Objective To develop an adhesive polymer film able to adhere strongly on serosal side of the bowel with sufficient mechanical properties to retract the bowel for laparoscopic procedures.
Method A series of novel adhesive mono- and bi-layer polymer films were formulated in house, in which the adhesive layer was based on either Carbopol modified with N-hydroxysuccinimide (NHS) and thiobutylamidine (TBA)-chitosan (mol wt = 250k, loading of TBA = 150 µmol/g). Each polymer sample was cast in 60 mm diameter teflon moulds and air dried at 50 °C. Prior to testing of mechanical properties the individual film samples were rehydrated with phosphate buffered saline (PBS). The mechanical properties of the polymers and their adherence to bowel, were evaluated by three tests: i) tensile and shear properties ii) adhesive retraction force and work; iii) maximal stress and Young’s modulus. Ex-vivo pig bowel in 37 °C water bath and an Instron tensiometer were used for all the tests. Each polymer sample was tested 6 times and a new specimen was used for each test.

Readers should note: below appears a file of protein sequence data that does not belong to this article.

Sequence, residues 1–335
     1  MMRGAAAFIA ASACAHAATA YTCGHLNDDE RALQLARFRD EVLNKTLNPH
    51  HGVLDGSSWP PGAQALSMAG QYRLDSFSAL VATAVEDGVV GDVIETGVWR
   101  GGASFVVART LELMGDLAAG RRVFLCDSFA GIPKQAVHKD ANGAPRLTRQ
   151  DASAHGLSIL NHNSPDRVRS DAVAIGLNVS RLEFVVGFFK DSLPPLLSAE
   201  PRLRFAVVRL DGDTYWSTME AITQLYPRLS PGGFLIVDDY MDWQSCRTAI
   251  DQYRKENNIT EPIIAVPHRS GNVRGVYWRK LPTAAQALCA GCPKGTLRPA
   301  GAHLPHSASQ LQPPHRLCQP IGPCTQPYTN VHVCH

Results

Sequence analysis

Preliminary results The bio-adhesive polymer sustained a shear stress of 4.87kPa, which was much greater than its pure tensile stress of 1.62 kPa, using a test diameter of 28 mm (or area of 616 mm2). Polymer adhesive force during bowel retraction ranged from 3 to 5 N (using a 25mm diameter retraction probe fixed at the centre of a 60mm-diameter polymer sample). Work of adhesion at the polymer/serosa interface, defined as the area under the force-displacement curve, was from 64 to 126 mJ, which is appreciably larger than that reported using existing polymers. Young’s modulus ranged from 20 to 100 kPa, depending upon polymer sample and its rehydration.
Conclusions Adhesive polymers can stick to the serosal side of the bowel and its adhesive force is sufficient to lift the bowel. By exploiting the shear strength in the polymer-tissue bonding, a further reduction in device dimension is possible for MAS procedures. It is safer in low retraction stress compared to laparoscopic graspers which result in noticeably high localized pressures (210 kPa to 650 kPa) on tissue. Our ongoing R&D is to combine magnetic particles with the polymer to create a new magnetic adhesive polymer for tissue retraction and for other potential applications such as drug delivery, magnetic hyperthermia, magnetic detection or MRI contrast enhanced imaging.